Wednesday, November 02, 2005


At only 124 pages Italo Calvino's Six Memos for the Next Millennium isn't exactly a big book. But what it lacks in size it makes up for in thought provoking ideas. The six memos are lectures that were written for the 1985-86 Charles Eliot Norton Lectures at Harvard. Calvino died before he could deliver the lectures and before he wrote the final sixth one. Therefore even though the book is called Six Memos it is really only five. Each lecture examines a quality of literature that Calvino thought important and worthy of developing and carrying into the 21st century. The five lectures in the book are: Lightness, Quickness, Exactitude, Visibility, and Multiplicity. The sixth one was to be called Consistency. Lightness. Calvino writes:

Were I to choose an auspicious image for the new millennium, I would choose that one [an image in Boccaccio of Cavalcanti leaping]: the sudden agile leap of the poet-philosopher who raises himself above the weight of the world, showing that with all his gravity he has the secret of lightness, and that what many consider to be the vitality of the times--noisy, aggressive, revving and roaring--belongs to the realm of death, like a cemetery for rusty old cars.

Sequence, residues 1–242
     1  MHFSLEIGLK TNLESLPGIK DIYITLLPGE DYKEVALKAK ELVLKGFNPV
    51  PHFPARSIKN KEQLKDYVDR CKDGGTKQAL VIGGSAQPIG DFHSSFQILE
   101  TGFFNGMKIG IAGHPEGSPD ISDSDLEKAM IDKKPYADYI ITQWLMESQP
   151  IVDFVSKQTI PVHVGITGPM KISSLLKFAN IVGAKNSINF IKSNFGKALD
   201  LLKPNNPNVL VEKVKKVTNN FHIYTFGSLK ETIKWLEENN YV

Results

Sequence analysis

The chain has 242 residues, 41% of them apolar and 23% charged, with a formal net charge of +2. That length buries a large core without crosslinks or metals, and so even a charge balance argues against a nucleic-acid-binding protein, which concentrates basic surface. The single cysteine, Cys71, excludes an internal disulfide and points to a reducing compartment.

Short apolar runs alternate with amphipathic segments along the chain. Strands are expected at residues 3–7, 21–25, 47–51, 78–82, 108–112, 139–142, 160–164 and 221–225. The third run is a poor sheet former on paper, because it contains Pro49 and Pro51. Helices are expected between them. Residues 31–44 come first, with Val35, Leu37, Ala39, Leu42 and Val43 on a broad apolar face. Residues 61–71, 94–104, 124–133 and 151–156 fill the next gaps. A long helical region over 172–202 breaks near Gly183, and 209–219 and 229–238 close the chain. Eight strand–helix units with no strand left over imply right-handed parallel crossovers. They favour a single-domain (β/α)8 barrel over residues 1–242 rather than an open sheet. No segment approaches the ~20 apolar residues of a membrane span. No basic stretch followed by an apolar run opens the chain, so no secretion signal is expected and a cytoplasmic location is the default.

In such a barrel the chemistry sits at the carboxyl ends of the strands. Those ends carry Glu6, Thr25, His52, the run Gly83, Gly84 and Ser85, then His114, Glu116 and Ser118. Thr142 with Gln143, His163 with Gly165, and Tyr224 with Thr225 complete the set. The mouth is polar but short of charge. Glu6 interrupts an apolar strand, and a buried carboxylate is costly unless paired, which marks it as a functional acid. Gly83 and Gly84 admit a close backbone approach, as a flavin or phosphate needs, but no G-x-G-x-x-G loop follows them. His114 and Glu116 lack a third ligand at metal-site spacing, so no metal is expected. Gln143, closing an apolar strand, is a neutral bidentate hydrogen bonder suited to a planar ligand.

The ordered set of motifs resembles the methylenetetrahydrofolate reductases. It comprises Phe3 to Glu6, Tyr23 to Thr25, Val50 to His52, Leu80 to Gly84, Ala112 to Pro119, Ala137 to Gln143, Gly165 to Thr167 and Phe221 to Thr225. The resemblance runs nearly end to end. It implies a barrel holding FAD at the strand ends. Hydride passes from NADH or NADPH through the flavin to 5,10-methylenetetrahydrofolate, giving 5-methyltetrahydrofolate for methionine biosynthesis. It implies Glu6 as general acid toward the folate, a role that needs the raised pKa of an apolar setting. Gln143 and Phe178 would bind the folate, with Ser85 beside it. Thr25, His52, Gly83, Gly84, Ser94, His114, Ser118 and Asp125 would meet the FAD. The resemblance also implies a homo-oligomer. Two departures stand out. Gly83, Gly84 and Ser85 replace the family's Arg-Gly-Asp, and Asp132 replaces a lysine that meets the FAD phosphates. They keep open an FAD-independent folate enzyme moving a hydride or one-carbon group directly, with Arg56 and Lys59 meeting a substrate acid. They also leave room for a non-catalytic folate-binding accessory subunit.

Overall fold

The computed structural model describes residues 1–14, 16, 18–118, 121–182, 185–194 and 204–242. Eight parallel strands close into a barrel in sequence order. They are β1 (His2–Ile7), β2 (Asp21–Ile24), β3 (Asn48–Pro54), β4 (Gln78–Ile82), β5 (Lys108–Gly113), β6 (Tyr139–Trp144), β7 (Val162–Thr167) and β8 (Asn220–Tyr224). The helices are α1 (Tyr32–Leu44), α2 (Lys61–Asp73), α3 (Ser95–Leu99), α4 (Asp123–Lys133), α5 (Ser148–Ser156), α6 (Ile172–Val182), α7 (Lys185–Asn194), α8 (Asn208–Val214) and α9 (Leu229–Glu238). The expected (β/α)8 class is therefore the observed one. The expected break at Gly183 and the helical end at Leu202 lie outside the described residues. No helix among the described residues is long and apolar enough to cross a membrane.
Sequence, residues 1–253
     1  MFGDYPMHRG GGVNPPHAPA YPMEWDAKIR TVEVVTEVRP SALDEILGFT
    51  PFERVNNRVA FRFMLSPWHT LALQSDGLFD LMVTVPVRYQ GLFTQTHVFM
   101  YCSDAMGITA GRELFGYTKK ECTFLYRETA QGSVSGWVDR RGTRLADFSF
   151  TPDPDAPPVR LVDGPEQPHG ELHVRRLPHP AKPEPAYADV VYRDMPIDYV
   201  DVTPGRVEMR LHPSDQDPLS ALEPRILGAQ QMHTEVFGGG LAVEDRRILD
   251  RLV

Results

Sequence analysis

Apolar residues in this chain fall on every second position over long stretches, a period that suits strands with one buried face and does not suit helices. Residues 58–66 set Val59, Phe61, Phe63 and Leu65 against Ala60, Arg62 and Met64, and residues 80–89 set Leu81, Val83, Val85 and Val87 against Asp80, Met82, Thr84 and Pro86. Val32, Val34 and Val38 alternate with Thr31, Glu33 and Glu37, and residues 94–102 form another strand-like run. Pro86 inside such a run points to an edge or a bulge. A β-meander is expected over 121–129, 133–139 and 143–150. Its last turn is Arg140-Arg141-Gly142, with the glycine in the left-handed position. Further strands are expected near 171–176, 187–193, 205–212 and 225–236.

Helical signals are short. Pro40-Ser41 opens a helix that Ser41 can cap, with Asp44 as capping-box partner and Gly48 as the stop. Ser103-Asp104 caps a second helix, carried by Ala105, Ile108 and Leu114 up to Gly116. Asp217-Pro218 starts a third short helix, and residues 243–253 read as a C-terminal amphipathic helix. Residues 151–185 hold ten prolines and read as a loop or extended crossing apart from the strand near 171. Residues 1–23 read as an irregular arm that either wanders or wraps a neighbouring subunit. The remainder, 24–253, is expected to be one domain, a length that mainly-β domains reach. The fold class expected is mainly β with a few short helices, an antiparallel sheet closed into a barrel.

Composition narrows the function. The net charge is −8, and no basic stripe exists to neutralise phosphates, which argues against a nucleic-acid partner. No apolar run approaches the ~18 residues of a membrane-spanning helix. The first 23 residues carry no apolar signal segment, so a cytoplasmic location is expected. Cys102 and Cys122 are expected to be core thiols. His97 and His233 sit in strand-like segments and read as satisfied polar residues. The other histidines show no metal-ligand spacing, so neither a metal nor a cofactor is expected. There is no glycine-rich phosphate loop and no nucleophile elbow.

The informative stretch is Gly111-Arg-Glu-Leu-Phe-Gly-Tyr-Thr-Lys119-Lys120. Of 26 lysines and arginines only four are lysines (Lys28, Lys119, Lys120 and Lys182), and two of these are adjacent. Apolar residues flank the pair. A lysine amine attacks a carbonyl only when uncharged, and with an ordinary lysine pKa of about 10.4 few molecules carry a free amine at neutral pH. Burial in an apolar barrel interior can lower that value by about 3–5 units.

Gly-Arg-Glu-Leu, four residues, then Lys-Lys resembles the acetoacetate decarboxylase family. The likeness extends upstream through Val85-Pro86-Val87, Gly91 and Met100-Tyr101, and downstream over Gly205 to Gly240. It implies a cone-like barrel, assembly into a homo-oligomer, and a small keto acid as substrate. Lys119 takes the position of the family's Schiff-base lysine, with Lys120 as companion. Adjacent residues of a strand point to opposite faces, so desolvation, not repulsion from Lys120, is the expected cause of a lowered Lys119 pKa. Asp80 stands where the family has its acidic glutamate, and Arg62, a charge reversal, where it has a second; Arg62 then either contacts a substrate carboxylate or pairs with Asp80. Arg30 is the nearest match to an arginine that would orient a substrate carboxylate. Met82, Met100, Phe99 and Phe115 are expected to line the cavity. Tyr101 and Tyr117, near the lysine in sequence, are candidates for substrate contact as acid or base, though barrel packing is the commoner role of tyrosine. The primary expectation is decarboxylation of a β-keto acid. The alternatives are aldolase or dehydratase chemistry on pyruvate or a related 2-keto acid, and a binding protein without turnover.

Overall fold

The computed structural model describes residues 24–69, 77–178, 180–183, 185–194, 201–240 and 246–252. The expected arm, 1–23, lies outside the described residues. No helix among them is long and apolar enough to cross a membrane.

Calvino goes on to clarify by using more images from literature. What he means by lightness is multi-faceted. He wants a lightening of language "whereby meaning is conveyed through verbal texture that seems weightless, until the meaning itself takes on the same rarefied consistency." He means light like a bird, not like a feather. He wants precision and determination. He suggests we can find plenty of what he means in Emily Dickinson. Lightness also means a certain "narration of a train of thought or psychological process in which subtle and imperceptible elements are at work." This could also be a highly abstract description. Calvino suggests that Henry James has elements that illustrate this idea. And finally, lightness is reflected in visual images that acquire "emblematic value." Here it is the image that impresses rather than the words. for example, Don Quixote driving his lance through the sail of the windmill. Quickness. This is about time and playing with time. The narrative time of the story cannot be measured against real time. Time in a story can be drawn out and ever expanding or contracted. It is about manipulating the continuity and discontinuity of time in a Scheherazade fashion. Quickness is also about style and thought, agility, mobility and ease, "all qualities that go with writing where it is natural to digress, to jump from one subject to another, to lose the thread a hundred times and find it again after a hundred more twists and turns." It feels to me to be rather cinematic in the way where scenes tend to be short and change quickly. There doesn't seem to be one long continuity: this happened then this happened then this. It seems to be jumpy for lack of better descriptor. Calvino thinks "a swift piece of reasoning is not necessarily better than a long-pondered one. Far from it. But it communicates something special that is derived simply from its very swiftness." With the speed of the world these days I amm reluctant to embrace this idea. When I sit down to read I want to escape speed, I want to slow down. But maybe I am getting the experience of reading confused with the actual quality Calvino is talking about. I will leave you to ponder these two qualities for a while. I will return tomorrow with another one or two.